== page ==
We had a lovely catch-up in a cafe with the slowest service in all of London, possibly the UK. Luckily, this suited our purposes, as we had 10 months of activities to catch-up on. We then headed back to Brick Lane on a search and rescue mission for my mobile phone, and spent the rest of the day around East London/Shoreditch/Hackney, where my brother had never been (thus suggesting, for only the first time in our lives, that perhaps I was cooler than him), I bought a beautiful, bright red flapper-style hat with what appears to be a Christmas flower attached to the side from the ‘Hat Man’ at the Spittlefield Markets and felt exceedingly happy, so happy that I refused to take the hat off whilst we went for a drink in a pub, probably breaking all sorts of proprietary and etiquette rules, meaning I won’t be allowed into the UK next time I try to go there for a holiday.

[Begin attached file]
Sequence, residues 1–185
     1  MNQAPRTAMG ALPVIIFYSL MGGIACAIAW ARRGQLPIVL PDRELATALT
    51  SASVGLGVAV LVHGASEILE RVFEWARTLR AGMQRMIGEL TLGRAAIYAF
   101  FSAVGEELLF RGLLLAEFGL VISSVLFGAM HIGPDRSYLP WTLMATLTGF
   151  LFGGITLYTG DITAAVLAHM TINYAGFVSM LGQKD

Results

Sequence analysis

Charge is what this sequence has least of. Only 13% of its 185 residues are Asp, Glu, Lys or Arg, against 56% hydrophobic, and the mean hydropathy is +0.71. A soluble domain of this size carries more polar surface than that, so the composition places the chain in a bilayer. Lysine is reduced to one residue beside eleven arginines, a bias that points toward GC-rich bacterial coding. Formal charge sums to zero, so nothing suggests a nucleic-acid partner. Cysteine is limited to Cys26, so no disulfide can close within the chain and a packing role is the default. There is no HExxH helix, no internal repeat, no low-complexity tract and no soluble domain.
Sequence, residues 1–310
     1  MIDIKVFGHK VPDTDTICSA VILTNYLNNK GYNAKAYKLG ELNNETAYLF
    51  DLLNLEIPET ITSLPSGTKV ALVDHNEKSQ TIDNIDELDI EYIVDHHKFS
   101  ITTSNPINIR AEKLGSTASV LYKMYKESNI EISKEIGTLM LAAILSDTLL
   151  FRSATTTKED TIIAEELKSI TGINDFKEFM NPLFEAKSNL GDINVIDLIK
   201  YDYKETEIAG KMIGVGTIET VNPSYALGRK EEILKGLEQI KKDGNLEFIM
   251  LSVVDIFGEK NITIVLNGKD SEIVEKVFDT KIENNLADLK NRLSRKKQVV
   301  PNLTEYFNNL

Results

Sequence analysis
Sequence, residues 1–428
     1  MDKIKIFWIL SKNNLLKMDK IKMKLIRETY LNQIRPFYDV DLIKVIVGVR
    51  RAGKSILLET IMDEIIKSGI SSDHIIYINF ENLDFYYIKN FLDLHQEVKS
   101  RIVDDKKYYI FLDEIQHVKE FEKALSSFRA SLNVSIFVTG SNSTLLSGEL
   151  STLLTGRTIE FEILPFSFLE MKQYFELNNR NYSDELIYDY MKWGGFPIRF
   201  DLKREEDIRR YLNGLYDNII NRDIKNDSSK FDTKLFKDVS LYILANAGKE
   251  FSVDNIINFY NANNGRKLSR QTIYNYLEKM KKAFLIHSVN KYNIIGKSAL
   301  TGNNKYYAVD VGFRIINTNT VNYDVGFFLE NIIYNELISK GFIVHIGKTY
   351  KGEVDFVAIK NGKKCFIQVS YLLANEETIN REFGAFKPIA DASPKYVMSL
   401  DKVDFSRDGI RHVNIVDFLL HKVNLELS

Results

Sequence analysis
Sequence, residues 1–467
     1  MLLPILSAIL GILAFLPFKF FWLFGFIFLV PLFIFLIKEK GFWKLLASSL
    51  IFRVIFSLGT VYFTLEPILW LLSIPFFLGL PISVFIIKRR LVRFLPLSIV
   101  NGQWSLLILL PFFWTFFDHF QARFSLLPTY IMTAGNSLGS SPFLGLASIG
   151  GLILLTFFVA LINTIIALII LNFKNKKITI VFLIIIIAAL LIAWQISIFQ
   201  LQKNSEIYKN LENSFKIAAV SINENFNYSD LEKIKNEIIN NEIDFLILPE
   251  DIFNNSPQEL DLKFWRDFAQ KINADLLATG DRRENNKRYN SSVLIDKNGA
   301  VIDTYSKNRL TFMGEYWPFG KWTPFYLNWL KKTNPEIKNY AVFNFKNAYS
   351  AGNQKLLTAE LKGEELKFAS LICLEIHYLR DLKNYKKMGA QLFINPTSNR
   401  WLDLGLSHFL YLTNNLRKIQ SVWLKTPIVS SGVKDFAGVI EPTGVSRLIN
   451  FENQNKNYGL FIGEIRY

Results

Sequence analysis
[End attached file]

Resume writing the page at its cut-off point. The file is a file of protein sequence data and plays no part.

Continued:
Unfortunately, though I was having an absolute ball, feeling like a million pounds (of money, not weight – that would be a whole other feeling), this was my last afternoon in London. The later in the afternoon it got, the less light, the more desperate my thoughts became. ‘Just call them, and say you’re not coming back to Ireland! You’ve got all the important stuff with you, who cares about all the stuff you’ve left there!’ Or, ‘Don’t call them! Just stay in London and switch off your mobile phone and no-one will ever need know!’ Or, ‘Don’t call them, go back to Ireland, but just don’t go home!’ Or, ‘Just, please, miss your plane or something? At least, just miss your plane? And go back tomorrow? Please? Please?’ The thoughts were getting more and more pleading as I got off the Heathrow Express, walked through Terminal 1 and headed to the check-in counter. The thoughts got very angry at the Aer Lingus sign, even angrier at the sound of Irish accents. They were furious by the time I was heading towards security, and even when I had gotten to my gate, they made me sit there, staring at the gateway to my plane until the very last minute, til the ‘All passengers to Cork, this is your final boarding call…’ They made me sit there, staring angrily at the Irish stewardesses in their emerald green uniforms because the voices couldn’t quite believe I would go through with it. ‘You can’t be serious!’ screamed the voices. ‘You can’t seriously be going back there? You are absolutely insane! I have no respect left for you!’ The voices kind of felt that if they started abusing me, they might get a better response. But, to no avail. I boarded the plane, and actually shed a few desperate tears as we flew off from Heathrow and I watched the lights of London disappear below me.